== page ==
Despite calls from the state’s attorney general and health care advocates to hold a more formal hearing on a proposal to substantially increase rates on 2023 health plans, Connecticut’s insurance department will proceed with its usual informational hearing, albeit in a new location.
Attorney General William Tong had asked for a special hearing that would allow officials to collect evidence and scrupulously question insurers about their proposed increases. Officials would be able to cross-examine witnesses and present their own evidence in a public setting.
Insurers who sell plans on and off Connecticut’s Affordable Care Act Exchange have asked the state to authorize an average increase of 20.4% for individual health plans next year, and 14.8% for small group policies, alarming advocates who worry more people will go without coverage because they can’t afford it.
Tong described the special hearing as a litigation.
“We need to test what they’re saying and understand what’s behind the numbers; put people under oath and ask them questions and really get to the bottom of this,” he said at a press conference last week. “I want to litigate this question, because the people of this state deserve nothing less than that.”
A spokesman for the insurance department described the usual hearing format as more transparent.
“By holding the public information hearing in the manner by which [the department] has done in the past and proposes to hold again for this year, the proceedings are more fully transparent than a [more formal hearing] as there are less restrictions or criteria placed on participation,” the spokesman, Jim Carson, said.
The usual process allows the public to make oral and written comments on the issue and permits state officials and legislators to testify and ask questions “without having to petition for party and intervenor status,” he said.
A spokeswoman for Tong said he hopes to continue discussions with the insurance department about the possibility of a more formal hearing.
At the request of lawmakers who expressed outrage over the proposed rate hikes, the insurance department will move the hearing from its usual location at a state office building in downtown Hartford to the Legislative Office Building to accommodate a larger expected crowd.
A group of Republican legislators had called for a broader public hearing after the proposed rate increases were announced.
“Holding this hearing at the Capitol complex will enable the greatest level of public access in a facility that was built to foster public gathering, listening, expression, and advocacy,” Senate Minority Leader Kevin Kelly, R-Stratford, Sen. Paul Formica, R-East Lyme, and Sen. Tony Hwang, R-Fairfield, wrote in a letter to Gov. Ned Lamont, Insurance Commissioner Andrew Mais and legislative leaders.
“As lawmakers, we believe the state must do much more to make health care affordable, and that includes fully examining why these rate increases are occurring, how policy impacts rates, and pursuing – not dismissing – solutions. The Capitol complex and Legislative Office Building will allow for the most accessible public hearing.”
Insurance Commissioner Andrew Mais agreed to move the hearing.
“Due to the anticipated size of the audience and public participation, this year’s hearing is expected to be held in August at the Legislative Office Building,” he said in a reply letter to legislators.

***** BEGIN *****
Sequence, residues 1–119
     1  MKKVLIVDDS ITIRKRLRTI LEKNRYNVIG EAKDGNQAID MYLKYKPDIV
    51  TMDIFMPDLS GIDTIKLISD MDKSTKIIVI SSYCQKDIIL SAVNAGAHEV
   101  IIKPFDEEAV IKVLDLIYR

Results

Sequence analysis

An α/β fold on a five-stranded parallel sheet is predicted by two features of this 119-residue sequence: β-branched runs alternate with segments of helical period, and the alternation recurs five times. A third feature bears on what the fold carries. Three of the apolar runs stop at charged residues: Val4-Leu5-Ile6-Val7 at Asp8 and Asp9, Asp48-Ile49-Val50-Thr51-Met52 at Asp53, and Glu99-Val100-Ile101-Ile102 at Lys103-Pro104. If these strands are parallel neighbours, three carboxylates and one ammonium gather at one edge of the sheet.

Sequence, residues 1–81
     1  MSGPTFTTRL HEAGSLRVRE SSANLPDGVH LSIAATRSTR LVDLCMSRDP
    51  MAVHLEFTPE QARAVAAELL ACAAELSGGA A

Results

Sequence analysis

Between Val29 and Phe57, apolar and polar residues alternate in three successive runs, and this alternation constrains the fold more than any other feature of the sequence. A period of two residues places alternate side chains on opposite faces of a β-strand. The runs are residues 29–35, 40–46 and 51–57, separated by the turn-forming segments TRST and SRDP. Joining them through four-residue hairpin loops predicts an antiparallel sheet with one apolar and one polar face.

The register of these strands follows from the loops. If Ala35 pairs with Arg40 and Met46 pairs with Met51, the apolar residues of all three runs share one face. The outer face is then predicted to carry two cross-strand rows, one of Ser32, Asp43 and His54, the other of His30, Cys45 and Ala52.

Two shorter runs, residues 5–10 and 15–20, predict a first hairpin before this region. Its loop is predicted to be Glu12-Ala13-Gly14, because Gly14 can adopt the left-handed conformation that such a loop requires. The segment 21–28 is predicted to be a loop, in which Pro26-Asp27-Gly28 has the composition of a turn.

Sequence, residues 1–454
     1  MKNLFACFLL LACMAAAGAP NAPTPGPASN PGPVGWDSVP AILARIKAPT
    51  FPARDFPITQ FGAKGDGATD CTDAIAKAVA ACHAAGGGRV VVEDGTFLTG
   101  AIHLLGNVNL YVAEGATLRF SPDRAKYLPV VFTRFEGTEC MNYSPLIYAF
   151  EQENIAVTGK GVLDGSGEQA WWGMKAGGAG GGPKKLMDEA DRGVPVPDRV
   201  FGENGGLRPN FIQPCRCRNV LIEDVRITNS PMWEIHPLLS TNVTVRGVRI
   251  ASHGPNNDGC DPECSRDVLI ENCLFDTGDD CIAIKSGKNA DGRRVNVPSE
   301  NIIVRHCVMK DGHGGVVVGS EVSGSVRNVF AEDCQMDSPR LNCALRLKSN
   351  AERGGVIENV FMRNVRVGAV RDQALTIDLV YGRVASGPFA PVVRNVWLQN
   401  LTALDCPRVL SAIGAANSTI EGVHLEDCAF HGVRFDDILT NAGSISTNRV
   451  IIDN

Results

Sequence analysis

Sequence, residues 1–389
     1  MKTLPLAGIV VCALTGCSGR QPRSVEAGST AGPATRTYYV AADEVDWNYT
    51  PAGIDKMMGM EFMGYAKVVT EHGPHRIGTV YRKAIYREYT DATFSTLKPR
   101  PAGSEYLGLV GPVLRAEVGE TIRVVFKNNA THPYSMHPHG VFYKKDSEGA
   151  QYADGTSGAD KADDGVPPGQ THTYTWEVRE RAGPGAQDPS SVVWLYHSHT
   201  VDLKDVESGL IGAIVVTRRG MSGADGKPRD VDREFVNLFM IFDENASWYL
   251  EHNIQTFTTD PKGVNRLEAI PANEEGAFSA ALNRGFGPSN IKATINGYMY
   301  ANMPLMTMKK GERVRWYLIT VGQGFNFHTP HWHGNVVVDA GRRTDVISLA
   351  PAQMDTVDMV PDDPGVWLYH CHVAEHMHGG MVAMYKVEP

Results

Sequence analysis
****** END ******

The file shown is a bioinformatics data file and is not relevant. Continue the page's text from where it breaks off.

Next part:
A date has not yet been set for the hearing. The public can make comments in person or virtually via Microsoft Teams. They can also submit written testimony. Anyone who wants to testify can sign up by sending an email to Cid.RateFilings@ct.gov with their name and testimony attached (including those who want to testify remotely).
“I am pleased that the insurance commissioner has heard our calls to move the hearing process to the Legislative Office Building to better accommodate the public making their voices heard,” Kelly said. “This is an important opportunity for the public to speak out against these rate increases … We need a comprehensive dialogue about why health care remains unaffordable and inaccessible for far too many.”
State Health Care Advocate Ted Doolittle has said he hopes to ask detailed questions of the insurers to get answers on the underlying cost drivers.
“Why do you have to increase your price for a CT scan? It’s the same machine, it’s the same people, it’s the same utilization. Why is the price going up?” he said. “That’s the kind of question I don’t think a premium rate review is complete without answering.”
Three insurers are selling policies on the exchange: Anthem Health Plans, CTCare Benefits Inc., and ConnectiCare Insurance Company Inc.
Anthem requested an average increase of 8.6% for individual policies that cover 27,698 people. The proposed changes range from a decrease of 1.8% to an increase of 16.1%, depending on the plan.
The company also sought an average hike of 3.6% on small group policies that cover 19,271 residents. The suggested changes range from a decrease of 1.2% to an increase of 26.3%.
CTCare Benefits asked for an average hike of 24.1% on individual plans that cover 75,003 people. Proposed changes range from an increase of 18.7% to 33.2%, depending on the policy. It also sought an average hike of 22.9% on small group plans that cover 3,476 residents (increases range from 20% to 28.9%).
ConnectiCare Insurance Company, which only sells individual policies on the exchange, requested an average increase of 25.2% for plans that cover 8,782 people. Suggested hikes range from 17.1% to 32.2%.
The insurance department will make a decision this fall on how much of an increase to grant – if any – for the various health plans.
Open enrollment for 2023 health policies begins on Nov. 1.